The Week Ahead: Fed's accommodation works against, and with, Congress

July 13, 2013 

Accommodative or restrictive. Which is the best strategy to ensure the American economy continues expanding? Both tactics have been profitable for investors even as they seem to be at odds. And both will be on display in the new week on Capitol Hill and on Wall Street.

Federal Reserve Chairman Ben Bernanke will present the accommodative case to two congressional committees on Wednesday and Thursday. His testimony is part of the twice-a-year economic update Congress demands from the central bank. Republicans on those committees likely will defend the restrictive case.

Bernanke's agency has been pushing money into the economy by keeping its key interest rate near zero and buying billions of dollars of government and mortgage-backed bonds.

Meantime, congressional Republicans have been successful in pulling government money out of the economy with the budget sequestration going into effect in March.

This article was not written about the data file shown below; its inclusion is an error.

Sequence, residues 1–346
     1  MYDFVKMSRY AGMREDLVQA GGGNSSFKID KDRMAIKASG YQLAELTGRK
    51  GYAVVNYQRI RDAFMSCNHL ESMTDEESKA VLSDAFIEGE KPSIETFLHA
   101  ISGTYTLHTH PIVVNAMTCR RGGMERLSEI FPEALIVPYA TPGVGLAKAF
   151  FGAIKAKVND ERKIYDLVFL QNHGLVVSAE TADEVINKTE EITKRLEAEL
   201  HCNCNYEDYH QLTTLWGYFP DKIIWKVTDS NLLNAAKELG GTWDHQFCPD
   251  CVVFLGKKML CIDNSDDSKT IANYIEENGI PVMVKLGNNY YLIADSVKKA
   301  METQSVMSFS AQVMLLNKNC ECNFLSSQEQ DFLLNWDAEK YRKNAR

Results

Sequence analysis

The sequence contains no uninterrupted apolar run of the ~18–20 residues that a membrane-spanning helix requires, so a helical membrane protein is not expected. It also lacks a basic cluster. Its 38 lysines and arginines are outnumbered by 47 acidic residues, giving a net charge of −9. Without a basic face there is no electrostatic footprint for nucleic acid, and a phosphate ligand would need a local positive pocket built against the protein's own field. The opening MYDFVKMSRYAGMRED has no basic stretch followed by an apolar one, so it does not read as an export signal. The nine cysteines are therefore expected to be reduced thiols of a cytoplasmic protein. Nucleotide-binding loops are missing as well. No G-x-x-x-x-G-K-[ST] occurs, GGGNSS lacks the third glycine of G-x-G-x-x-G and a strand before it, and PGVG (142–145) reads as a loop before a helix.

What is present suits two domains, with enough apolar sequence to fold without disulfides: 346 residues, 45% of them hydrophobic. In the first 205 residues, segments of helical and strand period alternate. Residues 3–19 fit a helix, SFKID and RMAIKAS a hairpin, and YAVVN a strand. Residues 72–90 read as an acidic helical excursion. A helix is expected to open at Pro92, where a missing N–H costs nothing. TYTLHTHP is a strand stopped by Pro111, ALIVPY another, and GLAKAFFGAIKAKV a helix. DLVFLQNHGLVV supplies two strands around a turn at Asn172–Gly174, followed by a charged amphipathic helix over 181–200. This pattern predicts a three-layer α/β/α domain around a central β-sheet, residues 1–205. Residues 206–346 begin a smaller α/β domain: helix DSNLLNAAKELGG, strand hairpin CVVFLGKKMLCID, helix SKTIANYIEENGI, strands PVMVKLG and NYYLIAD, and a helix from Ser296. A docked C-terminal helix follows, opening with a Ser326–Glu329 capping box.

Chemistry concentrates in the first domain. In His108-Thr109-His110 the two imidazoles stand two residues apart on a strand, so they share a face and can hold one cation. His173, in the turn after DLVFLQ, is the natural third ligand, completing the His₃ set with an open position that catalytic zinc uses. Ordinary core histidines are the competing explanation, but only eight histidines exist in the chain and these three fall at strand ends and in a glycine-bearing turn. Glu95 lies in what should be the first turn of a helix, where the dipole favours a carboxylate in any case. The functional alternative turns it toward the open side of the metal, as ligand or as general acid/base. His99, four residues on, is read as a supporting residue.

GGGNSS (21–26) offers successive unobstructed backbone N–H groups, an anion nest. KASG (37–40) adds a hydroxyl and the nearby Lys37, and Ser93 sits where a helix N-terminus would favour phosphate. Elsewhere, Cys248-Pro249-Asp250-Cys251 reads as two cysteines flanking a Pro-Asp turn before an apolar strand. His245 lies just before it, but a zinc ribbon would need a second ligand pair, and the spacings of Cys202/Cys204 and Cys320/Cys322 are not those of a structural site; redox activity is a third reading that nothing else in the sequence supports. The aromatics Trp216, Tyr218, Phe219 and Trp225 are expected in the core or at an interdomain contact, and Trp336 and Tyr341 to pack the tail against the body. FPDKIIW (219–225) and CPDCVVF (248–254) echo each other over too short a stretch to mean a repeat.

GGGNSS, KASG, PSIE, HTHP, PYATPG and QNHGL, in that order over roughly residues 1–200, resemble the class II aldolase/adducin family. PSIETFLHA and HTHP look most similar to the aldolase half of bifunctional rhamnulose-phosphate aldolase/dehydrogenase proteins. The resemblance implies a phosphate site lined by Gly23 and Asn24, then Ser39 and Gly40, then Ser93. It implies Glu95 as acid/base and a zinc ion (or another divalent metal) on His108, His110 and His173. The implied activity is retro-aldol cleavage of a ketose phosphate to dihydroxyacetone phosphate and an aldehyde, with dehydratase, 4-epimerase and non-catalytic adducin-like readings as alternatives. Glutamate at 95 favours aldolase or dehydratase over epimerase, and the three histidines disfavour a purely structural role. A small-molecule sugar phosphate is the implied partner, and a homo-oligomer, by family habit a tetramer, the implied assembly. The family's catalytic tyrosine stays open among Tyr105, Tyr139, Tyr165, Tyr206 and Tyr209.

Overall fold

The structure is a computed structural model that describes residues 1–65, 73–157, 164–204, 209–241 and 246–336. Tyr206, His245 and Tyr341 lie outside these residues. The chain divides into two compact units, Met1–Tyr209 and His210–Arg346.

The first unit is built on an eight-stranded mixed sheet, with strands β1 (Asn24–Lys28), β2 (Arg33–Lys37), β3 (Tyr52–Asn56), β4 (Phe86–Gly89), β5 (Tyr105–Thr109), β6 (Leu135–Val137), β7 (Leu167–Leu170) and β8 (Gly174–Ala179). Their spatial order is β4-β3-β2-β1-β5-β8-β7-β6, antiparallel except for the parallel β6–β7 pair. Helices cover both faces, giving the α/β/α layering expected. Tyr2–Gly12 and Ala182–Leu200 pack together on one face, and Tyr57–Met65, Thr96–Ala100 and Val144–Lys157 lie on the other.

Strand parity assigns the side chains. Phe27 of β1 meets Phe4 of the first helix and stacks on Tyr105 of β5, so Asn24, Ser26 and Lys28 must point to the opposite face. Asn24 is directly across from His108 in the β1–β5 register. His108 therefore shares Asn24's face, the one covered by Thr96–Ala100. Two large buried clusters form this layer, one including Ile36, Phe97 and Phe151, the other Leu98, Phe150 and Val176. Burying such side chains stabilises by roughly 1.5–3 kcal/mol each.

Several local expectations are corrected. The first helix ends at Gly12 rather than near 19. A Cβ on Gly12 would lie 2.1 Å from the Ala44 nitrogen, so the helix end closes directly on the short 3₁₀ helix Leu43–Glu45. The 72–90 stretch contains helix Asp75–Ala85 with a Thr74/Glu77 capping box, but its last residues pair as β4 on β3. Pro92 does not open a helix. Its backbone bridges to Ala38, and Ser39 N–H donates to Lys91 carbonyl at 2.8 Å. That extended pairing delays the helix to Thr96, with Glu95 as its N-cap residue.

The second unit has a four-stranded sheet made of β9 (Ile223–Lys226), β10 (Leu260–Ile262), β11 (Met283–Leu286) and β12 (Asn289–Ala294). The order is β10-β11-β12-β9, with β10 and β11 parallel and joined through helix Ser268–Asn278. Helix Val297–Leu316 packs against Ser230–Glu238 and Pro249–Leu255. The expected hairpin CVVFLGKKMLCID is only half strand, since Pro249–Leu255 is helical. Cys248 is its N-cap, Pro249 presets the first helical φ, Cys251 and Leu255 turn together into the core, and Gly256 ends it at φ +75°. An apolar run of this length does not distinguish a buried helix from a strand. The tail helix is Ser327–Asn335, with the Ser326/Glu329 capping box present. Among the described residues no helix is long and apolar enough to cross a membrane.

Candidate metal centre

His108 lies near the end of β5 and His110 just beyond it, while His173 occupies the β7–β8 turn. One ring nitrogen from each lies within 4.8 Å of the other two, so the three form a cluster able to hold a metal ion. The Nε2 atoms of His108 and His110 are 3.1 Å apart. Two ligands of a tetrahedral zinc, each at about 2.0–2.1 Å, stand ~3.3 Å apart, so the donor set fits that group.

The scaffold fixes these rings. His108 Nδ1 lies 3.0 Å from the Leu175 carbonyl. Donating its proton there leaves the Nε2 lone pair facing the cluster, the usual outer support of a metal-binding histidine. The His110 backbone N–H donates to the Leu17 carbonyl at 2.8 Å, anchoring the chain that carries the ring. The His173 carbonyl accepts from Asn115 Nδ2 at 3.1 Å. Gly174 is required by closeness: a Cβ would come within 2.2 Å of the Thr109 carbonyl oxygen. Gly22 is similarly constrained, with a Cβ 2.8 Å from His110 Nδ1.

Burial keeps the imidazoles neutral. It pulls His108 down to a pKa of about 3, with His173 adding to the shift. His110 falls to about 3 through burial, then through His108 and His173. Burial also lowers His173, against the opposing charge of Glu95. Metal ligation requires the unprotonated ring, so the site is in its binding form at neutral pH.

Admittedly, the Federal Reserve's efforts to "accommodate" a slow-growing economy are much larger than the federal government's "restrictive" spending cuts, but Bernanke has not been shy about reproaching Congress for holding back.

In the past week, Ber

nanke reassured investors worried about the Federal Reserve reducing its accommodations. Instead of pulling back, he pledged to continue his strategy "for the foreseeable future." That helped push stock indices to new highs. His accommodations to the economy have muted the impact of the restrictions brought on by government spending cuts.

So when the Federal Reserve chairman chides congressmen in the new week for the policies restricting economic growth, his own strategy has accommodated the restrictive policies he criticizes.

Tom Hudson,former co-anchor and managing editor of "Nightly Business Report" on public television, can be followed on Twitter @HudsonsView.

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